Beyoncé will remove an insensitive term for disabled people from the song Heated, from her latest album Renaissance, after it was met with backlash from disability campaigners. According to the Grammy-winning singer’s representative, she will be re-recording the track. “The word, not used intentionally in a harmful way, will be replaced,” read the statement.
The song, co-written by Canadian rapper Drake, uses the word ‘spazz’, which colloquially means temporarily losing control or acting erratically. However, disability campaigners recognized the word to be derived from ‘spastic’, which according to the Centres for Disease Control and Prevention, is a movement disorder involving stiff muscles and awkward movement, suffered by 80% of people with cerebral palsy.
After the song’s release, Hannah Diviney, an Australian disability campaigner tweeted, “Feels like a slap in the face to me, the disabled community & the progress we tried to make with Lizzo. Guess I’ll just keep telling the whole industry to ‘do better’ until ableist slurs disappear from music.”
So @Beyonce used the word 'spaz' in her new song Heated. Feels like a slap in the face to me, the disabled community & the progress we tried to make with Lizzo. Guess I'll just keep telling the whole industry to 'do better' until ableist slurs disappear from music 💔
— Hannah Diviney (@hannah_diviney) July 30, 2022
After Beyoncé’s response stated that she would remove the offensive word, Diviney tweeted, “Waking up this morning to hear Beyoncé has heard and recognized the disabled community’s call to remove ableist language from her music is an incredible feeling. Where she leads, the music industry follows”.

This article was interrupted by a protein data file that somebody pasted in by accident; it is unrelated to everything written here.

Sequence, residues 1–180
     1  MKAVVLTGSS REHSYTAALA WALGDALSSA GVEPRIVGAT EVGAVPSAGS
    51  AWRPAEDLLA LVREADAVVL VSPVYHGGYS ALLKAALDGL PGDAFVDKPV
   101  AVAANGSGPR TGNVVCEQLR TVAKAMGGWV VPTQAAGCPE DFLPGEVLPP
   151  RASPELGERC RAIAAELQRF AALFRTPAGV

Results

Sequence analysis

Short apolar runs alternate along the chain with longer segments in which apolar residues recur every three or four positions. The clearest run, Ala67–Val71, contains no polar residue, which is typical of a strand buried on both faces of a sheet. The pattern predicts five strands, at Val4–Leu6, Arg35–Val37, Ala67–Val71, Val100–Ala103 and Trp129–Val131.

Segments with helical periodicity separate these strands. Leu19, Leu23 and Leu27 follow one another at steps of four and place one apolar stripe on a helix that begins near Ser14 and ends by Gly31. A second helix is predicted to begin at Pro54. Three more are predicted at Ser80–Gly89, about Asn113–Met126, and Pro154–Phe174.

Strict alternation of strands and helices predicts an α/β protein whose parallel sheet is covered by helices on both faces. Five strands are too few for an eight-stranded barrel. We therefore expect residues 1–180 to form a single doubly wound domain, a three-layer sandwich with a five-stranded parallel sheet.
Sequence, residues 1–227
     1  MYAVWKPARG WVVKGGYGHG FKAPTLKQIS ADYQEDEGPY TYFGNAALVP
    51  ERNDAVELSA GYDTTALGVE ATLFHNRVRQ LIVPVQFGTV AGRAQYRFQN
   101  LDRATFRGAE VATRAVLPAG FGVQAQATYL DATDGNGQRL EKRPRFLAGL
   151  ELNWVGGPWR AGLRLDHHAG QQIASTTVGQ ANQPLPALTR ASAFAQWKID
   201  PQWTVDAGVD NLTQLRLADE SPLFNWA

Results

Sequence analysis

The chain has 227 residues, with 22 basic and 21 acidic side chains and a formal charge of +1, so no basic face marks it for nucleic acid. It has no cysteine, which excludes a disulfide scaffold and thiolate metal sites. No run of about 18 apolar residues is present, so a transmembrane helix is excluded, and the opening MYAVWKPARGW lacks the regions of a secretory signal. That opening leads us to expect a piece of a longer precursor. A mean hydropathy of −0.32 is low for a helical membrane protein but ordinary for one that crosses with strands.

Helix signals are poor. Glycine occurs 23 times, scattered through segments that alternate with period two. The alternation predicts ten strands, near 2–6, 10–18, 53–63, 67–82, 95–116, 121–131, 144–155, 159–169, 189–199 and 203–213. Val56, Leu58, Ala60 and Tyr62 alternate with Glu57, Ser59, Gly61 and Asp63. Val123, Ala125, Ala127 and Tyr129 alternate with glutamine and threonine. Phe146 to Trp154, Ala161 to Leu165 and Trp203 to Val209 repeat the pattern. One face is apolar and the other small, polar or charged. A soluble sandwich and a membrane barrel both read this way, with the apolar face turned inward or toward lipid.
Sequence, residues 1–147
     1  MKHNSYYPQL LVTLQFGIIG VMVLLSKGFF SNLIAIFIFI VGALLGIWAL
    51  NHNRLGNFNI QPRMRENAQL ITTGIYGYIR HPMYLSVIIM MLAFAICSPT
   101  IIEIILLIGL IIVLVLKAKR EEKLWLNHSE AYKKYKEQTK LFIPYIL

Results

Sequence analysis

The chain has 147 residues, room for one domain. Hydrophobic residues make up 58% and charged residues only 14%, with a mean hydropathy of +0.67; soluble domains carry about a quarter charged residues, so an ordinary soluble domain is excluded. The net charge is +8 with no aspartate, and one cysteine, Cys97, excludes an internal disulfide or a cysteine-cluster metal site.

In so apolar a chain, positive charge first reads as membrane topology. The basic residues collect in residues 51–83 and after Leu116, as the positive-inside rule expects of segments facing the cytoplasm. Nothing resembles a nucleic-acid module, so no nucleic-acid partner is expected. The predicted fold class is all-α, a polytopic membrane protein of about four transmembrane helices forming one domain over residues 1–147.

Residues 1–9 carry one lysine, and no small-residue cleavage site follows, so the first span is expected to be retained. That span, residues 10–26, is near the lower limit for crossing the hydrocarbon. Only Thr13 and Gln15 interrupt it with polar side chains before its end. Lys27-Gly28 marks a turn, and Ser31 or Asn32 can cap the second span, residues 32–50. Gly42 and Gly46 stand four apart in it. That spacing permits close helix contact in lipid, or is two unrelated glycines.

Waking up this morning to hear @Beyonce has heard and recognised the disabled community's call to remove ableist language from her music is an incredible feeling. Where she leads, the music industry follows. Big thank you to Bey + her team. I'm so grateful ❤️
— Hannah Diviney (@hannah_diviney) August 1, 2022
Renaissance is Beyoncé’s seventh solo studio album after Lemonade. The album mostly drew positive reviews from fans around the world with its disco and electronic dance genre.
Soon after it was released, Beyoncé shared the album artwork on Instagram and wrote, “Creating this album allowed me a place to dream and to find escape during a scary time for the world. My intention was to create a safe place, a place without judgment. A place to be free of perfectionism and overthinking. A place to scream, release, feel freedom.”